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YOU DONT KNOW CRAPS!!

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An Investigation Using Probability, the Geometric Distribution, and Expected Returns for the Game of Craps By Otto Magdanz and Chip Malt

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Overview This presentation will cover: A brief overview describing what craps is and how it is played. An overview of the geometric distribution and how it is used. The derivation of an equation which can be used to calculate the probabilities of different outcomes in craps. A brief overview of the rules of probability. Sample calculations and results using our equation. An overview of the concept of expected returns. Sample calculations and results of the expected returns.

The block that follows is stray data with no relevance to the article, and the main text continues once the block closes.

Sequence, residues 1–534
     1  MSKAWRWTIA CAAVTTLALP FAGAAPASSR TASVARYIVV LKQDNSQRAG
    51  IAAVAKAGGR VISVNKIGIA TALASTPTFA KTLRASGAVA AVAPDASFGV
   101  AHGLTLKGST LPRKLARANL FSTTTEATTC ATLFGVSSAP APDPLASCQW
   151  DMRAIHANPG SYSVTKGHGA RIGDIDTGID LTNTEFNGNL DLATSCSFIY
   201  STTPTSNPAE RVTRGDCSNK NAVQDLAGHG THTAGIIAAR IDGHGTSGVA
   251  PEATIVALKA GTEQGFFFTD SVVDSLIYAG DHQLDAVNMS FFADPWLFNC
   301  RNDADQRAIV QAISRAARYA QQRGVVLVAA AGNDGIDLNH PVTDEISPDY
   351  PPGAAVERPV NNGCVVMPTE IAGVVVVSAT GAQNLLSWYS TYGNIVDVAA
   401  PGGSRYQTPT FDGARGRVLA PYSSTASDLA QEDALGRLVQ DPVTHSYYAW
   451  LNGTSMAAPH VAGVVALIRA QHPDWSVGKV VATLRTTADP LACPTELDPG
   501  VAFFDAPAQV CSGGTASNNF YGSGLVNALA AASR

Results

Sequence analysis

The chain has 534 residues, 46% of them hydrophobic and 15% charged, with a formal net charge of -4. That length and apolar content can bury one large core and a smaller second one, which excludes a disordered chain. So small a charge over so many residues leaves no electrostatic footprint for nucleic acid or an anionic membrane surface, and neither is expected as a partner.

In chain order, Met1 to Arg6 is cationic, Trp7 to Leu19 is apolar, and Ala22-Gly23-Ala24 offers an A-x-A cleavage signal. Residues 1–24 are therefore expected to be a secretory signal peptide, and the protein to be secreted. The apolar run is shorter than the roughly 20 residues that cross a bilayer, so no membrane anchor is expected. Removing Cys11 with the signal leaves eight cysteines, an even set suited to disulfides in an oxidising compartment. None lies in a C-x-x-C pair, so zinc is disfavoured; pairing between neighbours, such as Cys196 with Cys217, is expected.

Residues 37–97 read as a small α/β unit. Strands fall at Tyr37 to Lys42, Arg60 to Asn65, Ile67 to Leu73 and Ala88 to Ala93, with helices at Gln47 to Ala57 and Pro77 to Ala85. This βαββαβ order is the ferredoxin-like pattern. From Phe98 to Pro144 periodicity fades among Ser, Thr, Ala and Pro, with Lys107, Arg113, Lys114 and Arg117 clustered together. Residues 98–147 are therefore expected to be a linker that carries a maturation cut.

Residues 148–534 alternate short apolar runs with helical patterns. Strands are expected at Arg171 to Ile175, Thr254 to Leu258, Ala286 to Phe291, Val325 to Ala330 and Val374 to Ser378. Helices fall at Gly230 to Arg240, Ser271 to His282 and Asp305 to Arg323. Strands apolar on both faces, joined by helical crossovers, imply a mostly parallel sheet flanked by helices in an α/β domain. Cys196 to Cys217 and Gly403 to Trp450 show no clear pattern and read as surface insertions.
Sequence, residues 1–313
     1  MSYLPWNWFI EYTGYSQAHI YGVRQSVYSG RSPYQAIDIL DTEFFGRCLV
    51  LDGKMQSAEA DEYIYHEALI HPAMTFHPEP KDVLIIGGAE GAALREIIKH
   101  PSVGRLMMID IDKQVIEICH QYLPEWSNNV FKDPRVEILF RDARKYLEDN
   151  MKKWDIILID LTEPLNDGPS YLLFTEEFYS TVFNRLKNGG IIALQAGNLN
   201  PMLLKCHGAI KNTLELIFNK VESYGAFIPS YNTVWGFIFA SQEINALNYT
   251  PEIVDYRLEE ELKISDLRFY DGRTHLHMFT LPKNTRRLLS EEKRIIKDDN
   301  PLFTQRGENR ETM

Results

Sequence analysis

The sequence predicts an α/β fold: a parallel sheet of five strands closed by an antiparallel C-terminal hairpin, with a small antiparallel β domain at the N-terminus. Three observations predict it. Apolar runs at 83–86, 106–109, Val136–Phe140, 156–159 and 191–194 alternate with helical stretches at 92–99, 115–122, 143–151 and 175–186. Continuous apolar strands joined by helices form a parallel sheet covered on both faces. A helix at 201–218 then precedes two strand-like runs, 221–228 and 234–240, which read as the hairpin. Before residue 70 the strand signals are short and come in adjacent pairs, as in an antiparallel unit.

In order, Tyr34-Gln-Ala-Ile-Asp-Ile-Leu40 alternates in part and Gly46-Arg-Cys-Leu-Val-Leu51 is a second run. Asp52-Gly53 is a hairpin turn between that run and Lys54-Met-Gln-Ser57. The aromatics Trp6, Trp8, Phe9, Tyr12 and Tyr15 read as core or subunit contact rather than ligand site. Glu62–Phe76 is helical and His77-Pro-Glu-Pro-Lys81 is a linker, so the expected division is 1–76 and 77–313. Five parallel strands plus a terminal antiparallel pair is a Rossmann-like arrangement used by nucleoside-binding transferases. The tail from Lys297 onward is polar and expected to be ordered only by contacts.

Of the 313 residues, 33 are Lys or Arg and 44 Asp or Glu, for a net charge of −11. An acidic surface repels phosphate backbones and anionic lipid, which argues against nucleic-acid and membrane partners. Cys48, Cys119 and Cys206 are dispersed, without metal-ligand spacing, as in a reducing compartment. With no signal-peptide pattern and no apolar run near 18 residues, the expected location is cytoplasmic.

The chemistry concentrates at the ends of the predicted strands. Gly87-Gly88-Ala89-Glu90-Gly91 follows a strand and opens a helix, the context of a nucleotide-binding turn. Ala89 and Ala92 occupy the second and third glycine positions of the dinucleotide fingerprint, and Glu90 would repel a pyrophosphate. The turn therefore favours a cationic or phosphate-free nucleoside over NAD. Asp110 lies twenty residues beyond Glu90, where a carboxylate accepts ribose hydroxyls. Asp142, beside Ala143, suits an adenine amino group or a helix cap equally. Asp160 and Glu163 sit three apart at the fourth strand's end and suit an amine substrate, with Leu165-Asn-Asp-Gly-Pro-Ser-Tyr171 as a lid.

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What is Craps? Craps is a casino game played on a table (shown on the opening page) which uses two dice. Bets are placed on the outcome of the rolls. The outcome is determined by the sum of the two dice.

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Craps: Basic Rules - The numbers 4, 5, 6, 8, 9, and 10 are called the points. - A round begins when one of these points is rolled. - The round ends when either that same number or a 7 is rolled. - Rolling the point is a win. - Rolling a 7 is a loss. - Numbers are obtained by rolling two dice and adding the values which they display.